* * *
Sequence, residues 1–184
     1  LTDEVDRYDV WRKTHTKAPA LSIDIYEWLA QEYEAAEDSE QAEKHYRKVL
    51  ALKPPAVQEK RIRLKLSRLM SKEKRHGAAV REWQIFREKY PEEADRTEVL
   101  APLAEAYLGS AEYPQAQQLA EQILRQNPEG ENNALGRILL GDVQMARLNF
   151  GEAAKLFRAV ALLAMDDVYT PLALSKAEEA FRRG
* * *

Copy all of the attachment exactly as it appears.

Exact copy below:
Sequence, residues 1–184
     1  LTDEVDRYDV WRKTHTKAPA LSIDIYEWLA QEYEAAEDSE QAEKHYRKVL
    51  ALKPPAVQEK RIRLKLSRLM SKEKRHGAAV REWQIFREKY PEEADRTEVL
   101  APLAEAYLGS AEYPQAQQLA EQILRQNPEG ENNALGRILL GDVQMARLNF
   151  GEAAKLFRAV ALLAMDDVYT PLALSKAEEA FRRG